World War II saw the flying machine leap to the forefront of warfare. But after the war, these aircraft were sent for scrap and whole types quickly became extinct. In the 1960s a small, but dedicated, band decided to save some of these irreplaceable aircraft for posterity. Soon afterwards the British Aircraft Presevation Council was formed. In this book, the author tells the whole story of the British aircraft preservation movement. From early days at Old Warden and the Science Museum, through the establishment of the famous, but now long-past Skyframe and Strathallan collections, to the modern day, where every area of the country can boast its own collection of aircraft. Nearly all these collections contain a De Havilland Vampire and a Mignet Flying Flea.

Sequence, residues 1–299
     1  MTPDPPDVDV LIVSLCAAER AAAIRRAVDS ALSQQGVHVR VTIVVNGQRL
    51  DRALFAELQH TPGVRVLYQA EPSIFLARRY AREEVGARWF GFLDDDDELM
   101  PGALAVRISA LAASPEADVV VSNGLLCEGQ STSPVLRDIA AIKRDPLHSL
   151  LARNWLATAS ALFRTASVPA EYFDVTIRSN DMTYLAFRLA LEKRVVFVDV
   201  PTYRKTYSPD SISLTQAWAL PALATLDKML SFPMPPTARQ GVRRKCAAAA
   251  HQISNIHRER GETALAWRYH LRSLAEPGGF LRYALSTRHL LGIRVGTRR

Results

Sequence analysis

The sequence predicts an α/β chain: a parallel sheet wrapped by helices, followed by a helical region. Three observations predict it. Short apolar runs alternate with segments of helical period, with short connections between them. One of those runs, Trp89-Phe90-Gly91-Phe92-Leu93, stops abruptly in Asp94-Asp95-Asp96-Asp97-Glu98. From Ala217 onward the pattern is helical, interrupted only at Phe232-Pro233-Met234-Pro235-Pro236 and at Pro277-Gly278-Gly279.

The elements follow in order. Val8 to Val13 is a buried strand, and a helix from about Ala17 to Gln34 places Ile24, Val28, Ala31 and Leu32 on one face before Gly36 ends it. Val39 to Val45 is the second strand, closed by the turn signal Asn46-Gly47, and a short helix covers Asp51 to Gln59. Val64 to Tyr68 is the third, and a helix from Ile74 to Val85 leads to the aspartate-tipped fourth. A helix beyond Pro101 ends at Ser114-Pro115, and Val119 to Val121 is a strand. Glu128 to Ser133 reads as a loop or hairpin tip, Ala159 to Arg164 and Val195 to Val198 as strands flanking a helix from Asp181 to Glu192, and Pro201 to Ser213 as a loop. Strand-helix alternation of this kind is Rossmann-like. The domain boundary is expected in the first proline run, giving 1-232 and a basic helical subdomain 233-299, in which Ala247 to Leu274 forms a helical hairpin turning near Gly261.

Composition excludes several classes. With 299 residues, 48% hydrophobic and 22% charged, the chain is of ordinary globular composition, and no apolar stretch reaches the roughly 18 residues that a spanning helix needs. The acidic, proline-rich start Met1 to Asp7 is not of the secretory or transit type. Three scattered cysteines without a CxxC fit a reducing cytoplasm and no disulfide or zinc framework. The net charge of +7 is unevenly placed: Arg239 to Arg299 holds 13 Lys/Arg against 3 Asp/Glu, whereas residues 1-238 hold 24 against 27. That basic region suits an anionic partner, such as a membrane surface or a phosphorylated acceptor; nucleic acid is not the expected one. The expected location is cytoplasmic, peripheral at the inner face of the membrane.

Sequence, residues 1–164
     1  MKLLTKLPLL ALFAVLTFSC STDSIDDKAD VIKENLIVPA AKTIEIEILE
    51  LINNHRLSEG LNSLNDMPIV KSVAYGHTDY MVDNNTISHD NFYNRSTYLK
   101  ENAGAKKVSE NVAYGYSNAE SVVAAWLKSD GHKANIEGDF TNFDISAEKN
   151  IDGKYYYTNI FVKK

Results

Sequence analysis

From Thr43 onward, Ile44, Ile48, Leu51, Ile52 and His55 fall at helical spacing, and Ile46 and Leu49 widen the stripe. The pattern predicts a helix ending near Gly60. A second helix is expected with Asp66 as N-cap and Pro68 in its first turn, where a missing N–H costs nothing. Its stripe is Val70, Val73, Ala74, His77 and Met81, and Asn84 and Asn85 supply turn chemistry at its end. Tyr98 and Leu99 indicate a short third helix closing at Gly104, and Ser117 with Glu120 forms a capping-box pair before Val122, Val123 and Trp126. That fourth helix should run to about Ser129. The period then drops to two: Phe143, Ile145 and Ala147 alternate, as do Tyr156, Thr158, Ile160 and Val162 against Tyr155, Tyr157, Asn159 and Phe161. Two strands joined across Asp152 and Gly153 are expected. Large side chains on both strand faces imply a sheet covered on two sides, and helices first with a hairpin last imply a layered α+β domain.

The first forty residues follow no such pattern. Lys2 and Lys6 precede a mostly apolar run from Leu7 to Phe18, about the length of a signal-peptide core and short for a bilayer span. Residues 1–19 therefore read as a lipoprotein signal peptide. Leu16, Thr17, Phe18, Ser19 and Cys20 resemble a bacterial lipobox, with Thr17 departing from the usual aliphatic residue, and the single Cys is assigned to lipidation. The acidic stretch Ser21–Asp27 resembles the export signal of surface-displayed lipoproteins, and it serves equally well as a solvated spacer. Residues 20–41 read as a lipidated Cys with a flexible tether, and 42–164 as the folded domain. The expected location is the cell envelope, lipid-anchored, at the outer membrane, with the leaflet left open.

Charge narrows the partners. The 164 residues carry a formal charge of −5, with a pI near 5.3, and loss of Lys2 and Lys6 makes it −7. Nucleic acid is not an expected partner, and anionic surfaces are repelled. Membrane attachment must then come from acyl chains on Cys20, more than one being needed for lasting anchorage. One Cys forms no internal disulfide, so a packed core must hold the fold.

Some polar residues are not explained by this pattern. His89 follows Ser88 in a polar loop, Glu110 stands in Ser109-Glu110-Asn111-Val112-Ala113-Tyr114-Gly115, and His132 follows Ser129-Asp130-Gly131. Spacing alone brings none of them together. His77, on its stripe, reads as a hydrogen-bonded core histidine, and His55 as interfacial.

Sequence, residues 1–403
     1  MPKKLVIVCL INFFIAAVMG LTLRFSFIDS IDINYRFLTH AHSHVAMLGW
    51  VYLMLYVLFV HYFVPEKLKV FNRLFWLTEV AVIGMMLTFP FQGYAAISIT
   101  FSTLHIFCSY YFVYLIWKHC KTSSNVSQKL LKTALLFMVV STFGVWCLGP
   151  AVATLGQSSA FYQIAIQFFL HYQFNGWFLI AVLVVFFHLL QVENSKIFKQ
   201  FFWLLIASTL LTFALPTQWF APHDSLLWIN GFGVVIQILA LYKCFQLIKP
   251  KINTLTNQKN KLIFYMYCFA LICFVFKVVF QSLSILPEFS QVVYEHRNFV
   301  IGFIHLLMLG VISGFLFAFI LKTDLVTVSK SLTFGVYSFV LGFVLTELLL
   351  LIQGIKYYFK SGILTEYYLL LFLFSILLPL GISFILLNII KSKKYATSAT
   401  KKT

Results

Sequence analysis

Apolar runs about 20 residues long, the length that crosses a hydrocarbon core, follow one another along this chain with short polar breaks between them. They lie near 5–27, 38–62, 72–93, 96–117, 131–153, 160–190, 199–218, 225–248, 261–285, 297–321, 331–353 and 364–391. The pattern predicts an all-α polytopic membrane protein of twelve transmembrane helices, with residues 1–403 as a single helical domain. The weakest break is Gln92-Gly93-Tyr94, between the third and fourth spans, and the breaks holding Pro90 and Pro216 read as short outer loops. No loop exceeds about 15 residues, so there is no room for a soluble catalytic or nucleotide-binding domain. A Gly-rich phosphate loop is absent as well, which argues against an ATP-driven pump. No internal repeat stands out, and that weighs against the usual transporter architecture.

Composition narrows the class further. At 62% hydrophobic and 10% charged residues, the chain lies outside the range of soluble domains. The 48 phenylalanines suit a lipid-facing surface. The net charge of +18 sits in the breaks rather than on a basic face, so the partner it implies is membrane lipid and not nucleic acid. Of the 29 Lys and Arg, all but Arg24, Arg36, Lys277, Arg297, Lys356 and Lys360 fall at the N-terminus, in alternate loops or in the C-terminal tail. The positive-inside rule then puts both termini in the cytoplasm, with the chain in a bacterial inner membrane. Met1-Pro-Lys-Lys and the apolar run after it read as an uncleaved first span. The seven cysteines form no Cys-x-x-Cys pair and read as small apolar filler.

Alec Brew has been writing on aviation history for over thirty years and has been involved with aircraft preservation for as long. He is archivist of the Boulton Paul Association and owns and maintains the Black Country Aircraft Collection.